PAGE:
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Balancing Relationships and Results at Work

March 19, 2018

Ari and Sydney are both struggling in their jobs. Everyone who knows and works with Ari marvels at Ari’s effortless social skills, demonstrated capability as a communicator and a refined insight into others.

 

Sydney gets stuff done. This new manager is revered for an acute desire to move things ahead and a proven history of overcoming even the most daunting of obstacles.

 

Ari excels in building relationships but lacks a focus on results and Sydney is all about deliverables, but social skills are not a strength…yet!

 

James Zenger, co-author of the phenomenally successful and insightful book The Extraordinary Leader in a 2009 study with 60,000 participants demonstrated just how difficult it is to be effective leaders when they were defined primarily by either social skills or results focused alone. When leaders had exemplary social skills, their chances of being seen as great were 12%. When they were perceived as being exclusively results focused their chances of being seen as great were 14%. When leaders were perceived as having both strong social skills and a focus on results their chances of being seen as great rose to a whopping 72%.

 

The subject of strengthening capabilities in building relationships has been well documented in several of my blogs over the years so here are a few thoughts on how someone can solidify their capacity for delivering required results:

 

1. Spending the most time on the few activities that generate the greatest outcomes and bring the most value.  Stepping back from the work and looking at it with this lens is a common trait among those who deliver time and time again. The Eisenhauer matrix that helps differentiate what is urgent from what is important can be a helpful tool.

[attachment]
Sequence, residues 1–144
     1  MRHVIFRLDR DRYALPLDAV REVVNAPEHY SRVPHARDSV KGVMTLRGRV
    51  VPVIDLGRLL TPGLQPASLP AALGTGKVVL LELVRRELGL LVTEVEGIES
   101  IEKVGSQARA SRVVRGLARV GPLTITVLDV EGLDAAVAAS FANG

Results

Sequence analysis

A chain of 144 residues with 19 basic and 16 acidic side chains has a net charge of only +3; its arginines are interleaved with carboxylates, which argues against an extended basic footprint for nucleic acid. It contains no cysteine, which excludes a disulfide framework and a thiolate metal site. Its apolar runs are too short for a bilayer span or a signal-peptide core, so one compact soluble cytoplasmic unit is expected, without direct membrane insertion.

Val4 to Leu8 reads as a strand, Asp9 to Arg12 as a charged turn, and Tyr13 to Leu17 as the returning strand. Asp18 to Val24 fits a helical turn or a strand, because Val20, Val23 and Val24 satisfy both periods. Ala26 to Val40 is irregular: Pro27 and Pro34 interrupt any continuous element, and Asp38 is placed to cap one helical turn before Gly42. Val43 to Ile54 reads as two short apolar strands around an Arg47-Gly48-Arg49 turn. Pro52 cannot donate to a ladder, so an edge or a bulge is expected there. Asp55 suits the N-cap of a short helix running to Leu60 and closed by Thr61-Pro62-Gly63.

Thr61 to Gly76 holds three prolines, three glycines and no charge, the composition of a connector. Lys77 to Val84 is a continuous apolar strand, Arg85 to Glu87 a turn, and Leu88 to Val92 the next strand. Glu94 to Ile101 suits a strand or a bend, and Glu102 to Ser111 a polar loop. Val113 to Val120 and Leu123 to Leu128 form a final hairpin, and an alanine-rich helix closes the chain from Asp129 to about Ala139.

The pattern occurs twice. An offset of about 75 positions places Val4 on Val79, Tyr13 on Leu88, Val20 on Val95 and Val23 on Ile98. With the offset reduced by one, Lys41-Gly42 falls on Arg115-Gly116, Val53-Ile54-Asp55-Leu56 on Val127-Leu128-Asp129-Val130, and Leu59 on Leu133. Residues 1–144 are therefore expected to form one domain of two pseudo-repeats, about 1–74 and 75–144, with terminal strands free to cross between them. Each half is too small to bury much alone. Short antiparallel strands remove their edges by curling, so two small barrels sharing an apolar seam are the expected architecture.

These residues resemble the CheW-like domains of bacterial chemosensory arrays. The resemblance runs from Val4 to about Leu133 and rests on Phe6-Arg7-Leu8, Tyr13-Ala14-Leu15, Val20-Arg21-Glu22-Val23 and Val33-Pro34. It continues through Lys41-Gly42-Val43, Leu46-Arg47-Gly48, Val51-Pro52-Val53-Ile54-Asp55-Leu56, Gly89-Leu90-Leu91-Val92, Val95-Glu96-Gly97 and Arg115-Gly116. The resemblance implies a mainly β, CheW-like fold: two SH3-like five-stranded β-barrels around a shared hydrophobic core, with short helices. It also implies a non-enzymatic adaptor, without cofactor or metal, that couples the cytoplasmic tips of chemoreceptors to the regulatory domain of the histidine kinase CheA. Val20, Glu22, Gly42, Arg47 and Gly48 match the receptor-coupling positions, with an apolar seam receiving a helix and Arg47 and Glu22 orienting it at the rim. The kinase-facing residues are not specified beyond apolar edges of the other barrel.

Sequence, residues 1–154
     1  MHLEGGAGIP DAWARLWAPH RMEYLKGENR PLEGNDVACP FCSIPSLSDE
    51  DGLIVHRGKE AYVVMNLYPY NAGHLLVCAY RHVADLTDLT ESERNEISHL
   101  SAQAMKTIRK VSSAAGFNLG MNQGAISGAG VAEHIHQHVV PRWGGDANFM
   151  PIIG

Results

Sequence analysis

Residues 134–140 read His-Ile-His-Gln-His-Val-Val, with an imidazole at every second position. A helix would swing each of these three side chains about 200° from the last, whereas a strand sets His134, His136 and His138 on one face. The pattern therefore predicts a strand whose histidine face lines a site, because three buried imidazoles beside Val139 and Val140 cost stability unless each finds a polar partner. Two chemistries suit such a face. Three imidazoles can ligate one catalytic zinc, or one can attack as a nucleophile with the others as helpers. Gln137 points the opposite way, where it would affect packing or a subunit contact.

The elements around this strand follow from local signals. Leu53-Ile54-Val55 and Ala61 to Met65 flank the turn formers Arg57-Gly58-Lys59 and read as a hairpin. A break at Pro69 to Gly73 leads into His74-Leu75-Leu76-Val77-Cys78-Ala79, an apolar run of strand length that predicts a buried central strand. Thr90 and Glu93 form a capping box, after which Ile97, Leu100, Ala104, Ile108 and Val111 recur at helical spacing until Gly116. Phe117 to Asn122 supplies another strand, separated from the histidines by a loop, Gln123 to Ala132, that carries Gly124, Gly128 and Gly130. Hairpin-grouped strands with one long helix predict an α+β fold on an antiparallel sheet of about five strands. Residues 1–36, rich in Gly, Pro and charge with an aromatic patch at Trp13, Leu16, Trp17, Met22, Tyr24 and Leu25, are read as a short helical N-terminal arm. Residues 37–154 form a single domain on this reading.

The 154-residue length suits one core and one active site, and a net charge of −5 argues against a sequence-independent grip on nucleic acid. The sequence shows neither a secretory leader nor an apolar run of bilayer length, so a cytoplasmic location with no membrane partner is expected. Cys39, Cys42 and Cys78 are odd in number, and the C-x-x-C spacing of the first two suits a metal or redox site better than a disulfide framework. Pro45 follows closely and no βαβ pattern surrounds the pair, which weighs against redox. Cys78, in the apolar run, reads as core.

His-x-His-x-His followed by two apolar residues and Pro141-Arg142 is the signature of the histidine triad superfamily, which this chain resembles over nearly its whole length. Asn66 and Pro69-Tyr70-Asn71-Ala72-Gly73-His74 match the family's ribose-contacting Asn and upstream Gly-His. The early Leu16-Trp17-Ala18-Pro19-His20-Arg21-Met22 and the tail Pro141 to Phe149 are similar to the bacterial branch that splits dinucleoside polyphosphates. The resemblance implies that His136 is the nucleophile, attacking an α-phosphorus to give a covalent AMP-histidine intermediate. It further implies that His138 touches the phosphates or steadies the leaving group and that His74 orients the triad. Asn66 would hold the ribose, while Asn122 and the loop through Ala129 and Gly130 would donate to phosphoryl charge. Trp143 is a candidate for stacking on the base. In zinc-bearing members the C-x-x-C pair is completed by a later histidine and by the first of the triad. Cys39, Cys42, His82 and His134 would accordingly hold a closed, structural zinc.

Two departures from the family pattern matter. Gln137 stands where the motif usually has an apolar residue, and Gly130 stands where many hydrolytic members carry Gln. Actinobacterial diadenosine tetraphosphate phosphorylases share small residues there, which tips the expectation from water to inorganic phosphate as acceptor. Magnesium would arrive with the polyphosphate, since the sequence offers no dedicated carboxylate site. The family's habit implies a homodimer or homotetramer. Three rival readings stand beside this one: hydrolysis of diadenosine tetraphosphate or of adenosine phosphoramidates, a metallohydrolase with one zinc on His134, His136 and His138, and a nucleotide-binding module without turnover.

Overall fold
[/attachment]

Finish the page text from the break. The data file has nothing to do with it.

2. Manage distractions ruthlessly. Our digital world offers a daily smorgasbord to test our impulse control. Focusing on results requires healthy habits around compulsive email checking, smartphone use and how we manage our precious concentration resources. Investigate the Pomodoro Technique that teaches 25 uninterrupted minutes of concentrated effort followed by 5 minutes of whatever busyness you desire then back to 25 minutes of focus, etc.

 

3. Make more use of the three D’s: delegation to best leverage your time and capability; deliverables - most of what we do at work can be framed as a tangible, measurable outcomes; and deadlines to compel our focus on specific time targets.

 

4. Scheduling instead of list making. People who get stuff done are relentless schedulers of activities and tasks. They diligently protect their most precious inventory item (their time) and they ensure things move forward by committing an activity to a time slot in their calendar as part of a daily routine instead of never-ending to do lists.

 

5. Ingraining a diligent and robust practice of following up on everything with the help of systems/habits/routines that leave nothing to chance. More to come on this topic in a future blog. In the meantime, simply scheduling specific items for follow up at a future date in your calendar will help you make progress.

 

6. Tenaciously clarifying and re-clarifying expectations with your boss, colleagues, direct reports, clients and all stakeholders so deliverables and timelines are always crystal clear, and those same expectations are continuously being managed, communicated and adjusted as needed.

 

Fortunately for Sydney and Ari they found each other. Through the help of their company’s HR shop and both their managers wanting them to grow and develop, they have been mentoring each other given that one’s strength corresponded with the other’s need for development. In addition, they have both been on a quest to compliment their peer mentoring by reading as much as they could about their area of development and both have availed themselves of a variety of learning opportunities through training and coaching.

 

May you find your Ari or Sydney to assist you in re-balancing results and relationships, but remember the quest begins with understanding which of the two would benefit from your attention and effort and then committing to making progress on it.

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